Thursday, 21 June 2007

To Kill-A-Watt or Not?

So last week I posted about some of the things we've been doing to ease up on our energy consumption, etc. One of the things was to unplug assorted appliances, lamps, radios when they were not in use. I wanted to get some hard data on how much electricity this would save, because I have to admit, going around unplugging things was not very convenient, but I would keep doing it if it were to make a reasonably significant reduction to our energy use.

I had heard about a gadget, the Kill-A-Watt, you could buy to measure how much power something was using while it was turned off, but still plugged into the electrical outlet. But in the spirit of not buying something I don't really need, I asked my dad if there was an alternate way to measure this type of power usage. He said yes there was, and promptly retrieved the pictured gauge and plugger-inner thing to show me how.

The gauge measures volts and amps and stuff. First, you plug the stripped wire cord into the outlet and then plug your electrical device into that. Then, with the gauge turned on to measure Amps, you open the caliper thing and close it around the black or white wire to measure how many amps are flowing. Then, since Watts = Volts X Amps, and the typical voltage of a North American electrical outlet is 120 V, you can easily figure out how many Watts are being used.

Here are some of the measurements I took while these appliances were turned off:

Amps Watts

TV combo

0.15 18.00
0.00 0.00
Cell Phone Charger
0.00 0.00
Phone/Fax combo
0.09 10.80
Ikea Lamp
0.00 0.00
0.00 0.00

0.02 2.40
0.06 7.20

So from this experiment I can stop worrying about unplugging the toaster and the cell phone charger, and I don't need to get too worked up about the microwave either, I don't think. But what about the biggest of these power leeches, the TV/VCR/DVD combo?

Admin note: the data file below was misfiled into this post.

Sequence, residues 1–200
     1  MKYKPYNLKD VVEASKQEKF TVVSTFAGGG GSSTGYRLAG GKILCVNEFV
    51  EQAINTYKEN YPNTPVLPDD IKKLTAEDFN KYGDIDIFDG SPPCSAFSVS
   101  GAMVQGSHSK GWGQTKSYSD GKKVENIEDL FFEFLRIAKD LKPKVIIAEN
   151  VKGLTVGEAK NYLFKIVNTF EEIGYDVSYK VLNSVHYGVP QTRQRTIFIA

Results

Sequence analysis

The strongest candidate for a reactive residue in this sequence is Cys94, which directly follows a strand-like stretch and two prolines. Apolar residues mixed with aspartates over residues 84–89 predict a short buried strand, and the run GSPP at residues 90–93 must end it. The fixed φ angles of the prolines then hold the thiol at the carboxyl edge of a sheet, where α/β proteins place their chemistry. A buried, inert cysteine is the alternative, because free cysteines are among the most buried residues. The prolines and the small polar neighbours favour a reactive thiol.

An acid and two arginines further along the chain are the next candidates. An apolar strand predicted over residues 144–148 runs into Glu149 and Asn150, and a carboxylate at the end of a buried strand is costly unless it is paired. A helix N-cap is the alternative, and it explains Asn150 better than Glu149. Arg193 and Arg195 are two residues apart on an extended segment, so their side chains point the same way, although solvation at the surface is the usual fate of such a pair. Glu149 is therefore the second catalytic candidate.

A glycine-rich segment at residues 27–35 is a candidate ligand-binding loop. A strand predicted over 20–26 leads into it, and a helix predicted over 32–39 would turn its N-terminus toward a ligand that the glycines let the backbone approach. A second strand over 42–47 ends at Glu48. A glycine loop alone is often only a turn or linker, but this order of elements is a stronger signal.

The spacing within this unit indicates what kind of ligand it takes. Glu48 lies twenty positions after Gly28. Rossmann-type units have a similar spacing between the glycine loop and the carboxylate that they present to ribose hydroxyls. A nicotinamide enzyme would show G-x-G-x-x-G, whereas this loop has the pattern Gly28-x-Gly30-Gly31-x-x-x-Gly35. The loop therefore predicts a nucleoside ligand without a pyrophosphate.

According to the gauge and cord device, the trio were using 0.15 Amps. To find out the wattage as noted in the chart, I multiplied this by 120 Volts to get the listed 18 Watts. To obtain kiloWatts I divide by 1000 and get: 0.018 kW. So lets say I leave the TV combo off, but plugged in, for 24 hours. This results in the usage of 0.018 X 24 hours = 0.432 kWhs of power. If I did this for the entire month of June I would use 12.96 kWh of power. According to my last electric bill, we are paying about 10.22 cents per kilowatt hour. So the TV combo will cost me 4.4 cents per day to leave it plugged in, or $1.32 per month. It costs more as soon as I turn the TV on, of course.

So is unplugging the TV worth saving a maximum of 13 kWhs of electricity per month, or 155 kWhs per year? That translates, at current electricity prices, to about 16 bucks a year? I'm not sure. At most I would unplug it overnight, which would save us, say, 12 hours of power leeching a day, or about 2.2 cents. It seems like it would be worthwhile to unplug things like the TV and computer combos when we go away on a trip or something, but probably not when we are home everyday. I think I can make more of a difference by just not turning on the TV or the computer as much!

1 comment:

Lori said...

This is neat Theresa! I had no idea that things still used energy when they weren't on!